Gordon Campbell | Parliament TV | Parliament Today | Video | Questions Of the Day | Search


Maori Treaty Rights Spread Across The Seas

Maori Treaty Rights Spread Across The Seas

New Zealand First has accused the Government of spreading Maori Treaty settlement rights to fish caught by New Zealand companies outside this country’s exclusive economic zone as a result of new fisheries legislation (Fisheries Amendment Bill No 3).

Rt Hon Winston Peters said Maori were granted 20 percent of all fish species passing into the Quota Management System (QMS) as a Treaty settlement and this was embraced by the 1996 Fisheries Act.

At the time the QMS applied to fish species in New Zealand’s exclusive economic zone, but the new legislation applies the QMS to Highly Migratory Species (HMS) (chiefly tuna) outside New Zealand’s zone on the high seas and in other sovereign waters.

“The result is that Maori are suddenly the beneficiaries of a quota system that is spreading across the world as New Zealand companies improve their fishing techniques and harvest the seas further afield.

“This is a form of Treaty nonsense that should be stopped immediately. It is ridiculous for the bureaucracy to claim that the new policy ensures that New Zealand meets its international obligations.

“There are simply no international fisheries obligations that require New Zealand to extend the QMS beyond our economic zone.

“It means that fishers who spend enormous sums and efforts locating and building a catch history in the sovereign waters of other states to get an entitlement have to give 20 percent to Maori without receiving any compensation.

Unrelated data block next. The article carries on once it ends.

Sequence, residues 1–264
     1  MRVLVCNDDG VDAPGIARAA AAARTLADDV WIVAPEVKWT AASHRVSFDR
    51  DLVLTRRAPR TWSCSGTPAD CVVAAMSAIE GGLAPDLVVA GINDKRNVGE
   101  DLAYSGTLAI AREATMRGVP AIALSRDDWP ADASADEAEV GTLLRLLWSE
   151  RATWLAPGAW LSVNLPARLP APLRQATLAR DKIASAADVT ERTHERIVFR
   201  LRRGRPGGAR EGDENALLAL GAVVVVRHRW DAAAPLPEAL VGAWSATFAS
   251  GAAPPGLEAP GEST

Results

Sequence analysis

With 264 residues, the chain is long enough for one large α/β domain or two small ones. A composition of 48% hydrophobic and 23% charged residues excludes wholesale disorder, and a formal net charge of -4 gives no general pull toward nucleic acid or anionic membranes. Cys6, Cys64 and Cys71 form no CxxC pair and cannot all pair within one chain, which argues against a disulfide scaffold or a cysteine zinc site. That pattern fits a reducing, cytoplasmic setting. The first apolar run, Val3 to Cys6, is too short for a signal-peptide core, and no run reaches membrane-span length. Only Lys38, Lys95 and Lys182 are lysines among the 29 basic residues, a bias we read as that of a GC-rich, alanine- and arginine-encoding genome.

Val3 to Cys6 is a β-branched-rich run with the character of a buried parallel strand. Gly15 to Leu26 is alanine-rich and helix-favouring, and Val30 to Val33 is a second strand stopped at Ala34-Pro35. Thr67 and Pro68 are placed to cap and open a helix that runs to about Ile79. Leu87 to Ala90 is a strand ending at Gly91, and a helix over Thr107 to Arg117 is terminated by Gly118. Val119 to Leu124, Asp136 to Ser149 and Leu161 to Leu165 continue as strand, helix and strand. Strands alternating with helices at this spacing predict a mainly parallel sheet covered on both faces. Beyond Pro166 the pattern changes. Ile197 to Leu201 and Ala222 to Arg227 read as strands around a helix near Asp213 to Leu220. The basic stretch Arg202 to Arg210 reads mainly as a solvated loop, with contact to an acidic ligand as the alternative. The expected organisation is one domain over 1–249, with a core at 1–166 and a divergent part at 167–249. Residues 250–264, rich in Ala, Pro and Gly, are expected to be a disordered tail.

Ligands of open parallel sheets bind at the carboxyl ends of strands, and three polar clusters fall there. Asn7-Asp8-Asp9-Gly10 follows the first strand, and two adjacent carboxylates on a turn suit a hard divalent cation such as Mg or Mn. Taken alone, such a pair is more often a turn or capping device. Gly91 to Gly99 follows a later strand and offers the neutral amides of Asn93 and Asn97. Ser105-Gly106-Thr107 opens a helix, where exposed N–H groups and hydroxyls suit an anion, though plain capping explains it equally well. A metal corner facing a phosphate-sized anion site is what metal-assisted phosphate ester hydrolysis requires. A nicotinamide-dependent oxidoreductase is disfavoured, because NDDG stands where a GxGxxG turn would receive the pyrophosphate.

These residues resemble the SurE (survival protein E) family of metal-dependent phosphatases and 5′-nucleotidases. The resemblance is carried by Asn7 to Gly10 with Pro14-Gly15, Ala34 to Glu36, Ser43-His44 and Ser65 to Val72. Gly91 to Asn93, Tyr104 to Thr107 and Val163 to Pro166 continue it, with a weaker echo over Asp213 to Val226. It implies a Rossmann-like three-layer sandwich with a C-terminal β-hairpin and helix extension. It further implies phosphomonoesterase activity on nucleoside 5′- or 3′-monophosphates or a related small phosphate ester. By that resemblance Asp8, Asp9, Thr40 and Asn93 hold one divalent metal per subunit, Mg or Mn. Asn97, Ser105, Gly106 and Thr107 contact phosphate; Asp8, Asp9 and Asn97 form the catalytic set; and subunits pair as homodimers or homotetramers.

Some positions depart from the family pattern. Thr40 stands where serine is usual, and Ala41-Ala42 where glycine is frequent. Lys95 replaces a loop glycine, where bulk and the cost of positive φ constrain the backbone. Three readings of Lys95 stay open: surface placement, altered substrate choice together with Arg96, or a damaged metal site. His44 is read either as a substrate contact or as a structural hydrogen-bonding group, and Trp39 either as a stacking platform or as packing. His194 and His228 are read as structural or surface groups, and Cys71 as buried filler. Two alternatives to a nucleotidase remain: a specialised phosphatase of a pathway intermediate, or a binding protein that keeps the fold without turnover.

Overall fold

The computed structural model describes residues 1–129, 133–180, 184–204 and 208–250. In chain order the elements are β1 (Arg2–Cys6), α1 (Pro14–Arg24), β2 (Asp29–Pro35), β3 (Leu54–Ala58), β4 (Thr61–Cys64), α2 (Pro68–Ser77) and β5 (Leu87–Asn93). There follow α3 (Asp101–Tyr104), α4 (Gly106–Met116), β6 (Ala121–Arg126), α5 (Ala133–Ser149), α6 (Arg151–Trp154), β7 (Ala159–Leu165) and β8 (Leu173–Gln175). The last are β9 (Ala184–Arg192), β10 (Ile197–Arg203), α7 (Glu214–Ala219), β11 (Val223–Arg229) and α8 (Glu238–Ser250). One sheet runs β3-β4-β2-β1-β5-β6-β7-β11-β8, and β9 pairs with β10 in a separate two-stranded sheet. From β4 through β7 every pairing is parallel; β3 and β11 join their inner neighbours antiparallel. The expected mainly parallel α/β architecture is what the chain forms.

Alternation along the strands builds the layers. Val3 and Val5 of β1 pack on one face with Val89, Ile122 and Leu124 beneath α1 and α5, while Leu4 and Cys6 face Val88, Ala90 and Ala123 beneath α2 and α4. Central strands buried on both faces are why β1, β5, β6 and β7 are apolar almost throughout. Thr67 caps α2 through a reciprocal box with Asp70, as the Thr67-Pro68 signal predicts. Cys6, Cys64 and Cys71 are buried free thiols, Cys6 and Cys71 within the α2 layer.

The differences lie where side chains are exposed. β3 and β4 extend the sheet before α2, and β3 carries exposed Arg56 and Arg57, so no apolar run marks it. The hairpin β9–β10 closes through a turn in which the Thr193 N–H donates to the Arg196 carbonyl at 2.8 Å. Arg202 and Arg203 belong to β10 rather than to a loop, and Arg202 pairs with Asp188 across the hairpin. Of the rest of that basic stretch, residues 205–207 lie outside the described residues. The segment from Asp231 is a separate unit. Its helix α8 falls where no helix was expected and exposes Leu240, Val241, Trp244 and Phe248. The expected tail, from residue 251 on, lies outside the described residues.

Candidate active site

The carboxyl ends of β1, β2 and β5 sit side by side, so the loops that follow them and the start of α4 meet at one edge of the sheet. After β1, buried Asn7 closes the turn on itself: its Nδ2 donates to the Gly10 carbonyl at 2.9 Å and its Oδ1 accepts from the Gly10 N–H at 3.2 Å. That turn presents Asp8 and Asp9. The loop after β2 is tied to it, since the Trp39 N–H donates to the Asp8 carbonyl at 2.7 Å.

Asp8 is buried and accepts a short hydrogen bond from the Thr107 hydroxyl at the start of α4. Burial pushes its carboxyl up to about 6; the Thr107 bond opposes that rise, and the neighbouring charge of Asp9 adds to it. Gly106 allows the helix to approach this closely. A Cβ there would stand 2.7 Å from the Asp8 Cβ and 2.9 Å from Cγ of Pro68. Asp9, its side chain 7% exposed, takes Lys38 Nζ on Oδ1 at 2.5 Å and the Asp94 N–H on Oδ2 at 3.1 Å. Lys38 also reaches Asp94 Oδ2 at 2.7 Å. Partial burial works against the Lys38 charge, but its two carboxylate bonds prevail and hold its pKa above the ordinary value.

“We oppose this inequitable, race-based policy and call on the Government to abandon it,” said Mr Peters.

© Scoop Media

Parliament Headlines | Politics Headlines | Regional Headlines


Sector Opposes Bill: Local Government Bill Timeframe Extended

The Minister of Local Government Peseta Sam Lotu-Iiga has asked the Select Committee to extend the report back date for the Local Government Act 2002 Amendment Bill (No 2). More>>


Breed Laws Don’t Work: Vets On New National Dog Control Plan

It is pleasing therefore to see Louise Upston Associate Minister for Local Government calling for a comprehensive solution... However, relying on breed specific laws to manage dog aggression will not work. More>>


Not Waiting On Select Committee: Green Party Releases Medically-Assisted Dying Policy

“Adults with a terminal illness should have the right to choose a medically assisted death,” Green Party health spokesperson Kevin Hague said. “The Green Party does not support extending assisted dying to people who aren't terminally ill because we can’t be confident that this won't further marginalise the lives of people with disabilities." More>>


General Election Review: Changes To Electoral Act Introduced

More effective systems in polling places and earlier counting of advanced votes are on their way through proposed changes to our electoral laws, Justice Minister Amy Adams says. More>>

Gordon Campbell: On Our Posturing At The UN

In New York, Key basically took an old May 2 Washington Post article written by Barack Obama, recycled it back to the Americans, and still scored headlines here at home… We’ve had a double serving of this kind of comfort food. More>>


Treaty Settlements: Bills Delayed As NZ First Pulls Support

Ngāruahine, Te Atiawa and Taranaki are reeling today as they learnt that the third and final readings of each Iwi’s Historical Treaty Settlement Bills scheduled for this Friday, have been put in jeopardy by the actions of NZ First. More>>


Gordon Campbell: On The Damage De-Regulation Is Doing To Fisheries And Education, Plus Kate Tempest

Our faith in the benign workings of the market – and of the light-handed regulation that goes with it – has had a body count. Back in 1992, the free market friendly Health Safety and Employment Act gutted the labour inspectorate and turned forestry, mining and other workplace sites into death traps, long before the Pike River disaster. More>>

Get More From Scoop



Search Scoop  
Powered by Vodafone
NZ independent news